starlady: meralonne and kallandras in the wood (in a dark wood)
[personal profile] starlady
West, Michelle. House Name. New York: Daw Books, 2011.

Michelle West is and always will be one of my most favorite authors, though I hope she doesn't remain, as she has been up until this point, criminally underknown. That should change! Everyone should read her books! Or at least, you should read her books if you can stand epic fantasy about deeply human, deeply flawed characters (many of the most important ones women!) in a complex, intelligently drawn world struggling to prevent the End of the World!

As someone who's loved West since I was…12, I'm not the most objective evaluator, but that said, I really, really enjoyed this one. Last year I wrote a long post about the West novels (currently at 11 and counting), and I stand by what I said there:

There are the trappings of epic fantasy in here--gods, demons, mages, seers, Bards--but they are never allowed to upstage the characters, and the end result is some very dense writing about fully imagined cultures populated by heartbreakingly human people (even when these people are demons, or gods, or the children of gods, or half-humans). The way West writes politics ought to bring many more well-known authors to tears, let alone cultures and its impacts on the people born into them.

So, with that said again, this book is the third in West's current "set" within the larger world and story, The House War, beginning with The Hidden City and City of Night. I'll admit to some disappointment when I heard that, rather than picking up directly after the events of The Sun Sword, The House War was going back in time to the start of Jewel Markess' story, when she begins constructing a family out of street children like her in one of the poorest holdings in the city of Averalaan. But I've enjoyed going back and getting a deeper look at Jewel's origin story, and that of her den-kin, many of whom were never given a lot of screen time in the previous books. And in House Name, the last of the "prior events" books, that doubling back pays off in spades.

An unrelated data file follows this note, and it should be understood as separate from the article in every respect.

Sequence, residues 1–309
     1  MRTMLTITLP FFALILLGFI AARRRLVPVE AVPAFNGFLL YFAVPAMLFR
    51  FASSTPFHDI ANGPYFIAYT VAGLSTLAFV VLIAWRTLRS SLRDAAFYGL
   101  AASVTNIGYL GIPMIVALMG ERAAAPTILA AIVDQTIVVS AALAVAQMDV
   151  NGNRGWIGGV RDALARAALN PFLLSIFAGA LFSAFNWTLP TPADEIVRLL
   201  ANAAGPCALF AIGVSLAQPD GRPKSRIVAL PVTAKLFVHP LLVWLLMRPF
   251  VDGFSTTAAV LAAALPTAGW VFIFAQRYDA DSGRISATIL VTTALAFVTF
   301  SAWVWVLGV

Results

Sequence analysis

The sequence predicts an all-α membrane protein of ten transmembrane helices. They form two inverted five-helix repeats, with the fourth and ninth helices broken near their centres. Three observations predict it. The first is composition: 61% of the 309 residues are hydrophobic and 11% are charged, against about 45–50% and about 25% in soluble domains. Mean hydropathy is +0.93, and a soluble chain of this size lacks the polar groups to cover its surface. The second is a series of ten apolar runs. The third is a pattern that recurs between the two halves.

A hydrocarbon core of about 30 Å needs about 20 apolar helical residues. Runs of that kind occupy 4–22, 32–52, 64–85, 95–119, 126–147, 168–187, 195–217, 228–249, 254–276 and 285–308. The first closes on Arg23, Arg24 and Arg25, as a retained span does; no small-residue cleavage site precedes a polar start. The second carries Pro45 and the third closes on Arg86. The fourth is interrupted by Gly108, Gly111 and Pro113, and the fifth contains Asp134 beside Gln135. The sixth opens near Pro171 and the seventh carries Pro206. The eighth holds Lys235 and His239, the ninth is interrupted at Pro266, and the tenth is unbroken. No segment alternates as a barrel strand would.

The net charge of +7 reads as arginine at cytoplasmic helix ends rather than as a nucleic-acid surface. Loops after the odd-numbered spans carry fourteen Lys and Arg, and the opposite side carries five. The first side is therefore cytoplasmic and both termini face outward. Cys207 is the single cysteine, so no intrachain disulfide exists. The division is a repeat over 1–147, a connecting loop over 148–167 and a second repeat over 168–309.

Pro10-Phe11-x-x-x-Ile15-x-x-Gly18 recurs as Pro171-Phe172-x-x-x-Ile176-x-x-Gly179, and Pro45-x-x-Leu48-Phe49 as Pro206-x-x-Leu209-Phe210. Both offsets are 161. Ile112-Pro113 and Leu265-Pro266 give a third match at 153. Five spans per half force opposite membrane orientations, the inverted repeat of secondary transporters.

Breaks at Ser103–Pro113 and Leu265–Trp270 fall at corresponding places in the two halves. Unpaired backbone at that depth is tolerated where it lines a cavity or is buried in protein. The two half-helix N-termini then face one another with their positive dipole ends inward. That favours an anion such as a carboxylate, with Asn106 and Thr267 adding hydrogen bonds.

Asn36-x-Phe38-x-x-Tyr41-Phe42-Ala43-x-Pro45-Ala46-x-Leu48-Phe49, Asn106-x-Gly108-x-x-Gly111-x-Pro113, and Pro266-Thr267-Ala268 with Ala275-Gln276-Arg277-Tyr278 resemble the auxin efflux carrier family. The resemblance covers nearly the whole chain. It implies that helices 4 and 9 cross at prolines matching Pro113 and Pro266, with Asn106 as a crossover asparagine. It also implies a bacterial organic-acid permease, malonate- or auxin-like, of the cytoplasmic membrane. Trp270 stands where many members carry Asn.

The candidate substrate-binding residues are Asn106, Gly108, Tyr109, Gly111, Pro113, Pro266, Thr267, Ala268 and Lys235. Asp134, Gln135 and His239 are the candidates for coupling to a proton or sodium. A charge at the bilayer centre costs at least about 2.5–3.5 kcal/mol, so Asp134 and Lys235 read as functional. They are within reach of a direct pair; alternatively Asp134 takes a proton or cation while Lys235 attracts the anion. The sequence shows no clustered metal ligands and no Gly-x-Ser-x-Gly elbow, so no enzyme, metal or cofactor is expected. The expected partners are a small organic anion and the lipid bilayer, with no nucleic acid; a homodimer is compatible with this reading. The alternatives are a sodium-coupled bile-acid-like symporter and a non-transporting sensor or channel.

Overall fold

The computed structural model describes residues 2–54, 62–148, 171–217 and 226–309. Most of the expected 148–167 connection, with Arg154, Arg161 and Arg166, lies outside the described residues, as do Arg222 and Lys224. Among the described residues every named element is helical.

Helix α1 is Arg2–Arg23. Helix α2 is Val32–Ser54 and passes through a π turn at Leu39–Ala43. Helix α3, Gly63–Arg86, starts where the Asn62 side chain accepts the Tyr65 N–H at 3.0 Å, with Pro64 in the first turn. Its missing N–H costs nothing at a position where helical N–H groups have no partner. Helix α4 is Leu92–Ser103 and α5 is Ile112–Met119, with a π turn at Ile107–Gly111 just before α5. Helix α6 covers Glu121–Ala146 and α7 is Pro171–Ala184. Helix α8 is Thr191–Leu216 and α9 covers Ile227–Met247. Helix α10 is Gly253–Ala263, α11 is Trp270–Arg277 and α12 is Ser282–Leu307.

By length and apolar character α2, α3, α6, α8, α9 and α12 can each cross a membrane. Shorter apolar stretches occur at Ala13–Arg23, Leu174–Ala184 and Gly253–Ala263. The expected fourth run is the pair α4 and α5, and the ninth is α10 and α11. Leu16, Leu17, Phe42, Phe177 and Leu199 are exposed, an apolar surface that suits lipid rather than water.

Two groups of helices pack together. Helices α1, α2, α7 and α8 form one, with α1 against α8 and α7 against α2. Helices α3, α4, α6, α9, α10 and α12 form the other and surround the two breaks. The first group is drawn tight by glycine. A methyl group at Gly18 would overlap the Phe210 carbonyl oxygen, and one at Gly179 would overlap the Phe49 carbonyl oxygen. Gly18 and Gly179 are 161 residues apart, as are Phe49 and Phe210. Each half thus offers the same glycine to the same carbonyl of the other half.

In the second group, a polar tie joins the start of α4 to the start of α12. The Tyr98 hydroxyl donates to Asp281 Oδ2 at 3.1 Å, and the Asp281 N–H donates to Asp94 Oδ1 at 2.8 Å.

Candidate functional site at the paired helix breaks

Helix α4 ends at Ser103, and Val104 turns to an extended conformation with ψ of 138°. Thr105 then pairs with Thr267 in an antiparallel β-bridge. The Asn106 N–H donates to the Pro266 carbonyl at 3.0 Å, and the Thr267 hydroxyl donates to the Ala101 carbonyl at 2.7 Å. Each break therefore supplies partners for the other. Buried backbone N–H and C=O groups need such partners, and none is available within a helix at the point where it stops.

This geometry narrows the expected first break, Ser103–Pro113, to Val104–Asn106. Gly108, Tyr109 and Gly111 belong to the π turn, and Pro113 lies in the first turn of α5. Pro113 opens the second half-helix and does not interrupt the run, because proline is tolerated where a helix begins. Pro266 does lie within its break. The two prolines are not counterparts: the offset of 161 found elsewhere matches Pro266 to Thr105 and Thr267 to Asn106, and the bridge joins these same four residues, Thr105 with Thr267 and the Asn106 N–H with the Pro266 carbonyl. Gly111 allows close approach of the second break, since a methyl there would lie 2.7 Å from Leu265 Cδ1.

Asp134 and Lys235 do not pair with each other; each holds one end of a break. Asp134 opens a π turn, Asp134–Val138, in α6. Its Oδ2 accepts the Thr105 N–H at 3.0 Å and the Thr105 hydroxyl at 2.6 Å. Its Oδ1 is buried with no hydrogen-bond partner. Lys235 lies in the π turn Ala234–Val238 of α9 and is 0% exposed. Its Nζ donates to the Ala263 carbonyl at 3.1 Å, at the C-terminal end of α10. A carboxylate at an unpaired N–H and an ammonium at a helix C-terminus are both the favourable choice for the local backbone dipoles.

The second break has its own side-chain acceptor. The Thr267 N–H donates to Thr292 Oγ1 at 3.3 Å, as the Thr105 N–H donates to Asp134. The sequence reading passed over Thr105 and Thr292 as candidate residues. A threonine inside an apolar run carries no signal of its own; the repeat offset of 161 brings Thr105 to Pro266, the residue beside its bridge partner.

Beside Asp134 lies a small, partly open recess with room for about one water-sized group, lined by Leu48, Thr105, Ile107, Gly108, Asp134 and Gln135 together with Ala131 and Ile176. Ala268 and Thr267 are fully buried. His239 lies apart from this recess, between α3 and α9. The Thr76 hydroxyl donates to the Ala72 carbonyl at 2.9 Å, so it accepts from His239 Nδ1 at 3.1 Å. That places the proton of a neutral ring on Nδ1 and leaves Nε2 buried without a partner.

To wit, House Name retells from different perspectives and at differentllevels of detail the events of the second of the West books (second half of The Sacred Hunt), Hunter's Death. Now, I am not unbiased here because I've long thought that HD is my single favorite of the West books, largely because it is so, so very epic, and because its epic events fit into one book, whereas in The Sun Sword they are spread over multiple books. So I really enjoyed the deepening understanding that House Name brought, and for those who haven't read HD--which is most people, since it's OOP--it's a great introduction to the deeper stakes behind the politics of the Empire. I really enjoyed spending time with favorite characters (Devon ATerafin! Isladar) and being introduced to new ones. West is really, really good at mapping out the inside of her characters' heads and hearts; even the ones who are not nice at all and who are villains are fascinating, deeply compelling. And the End of the World imbues the events with a pleasing thrill of the very, very epic.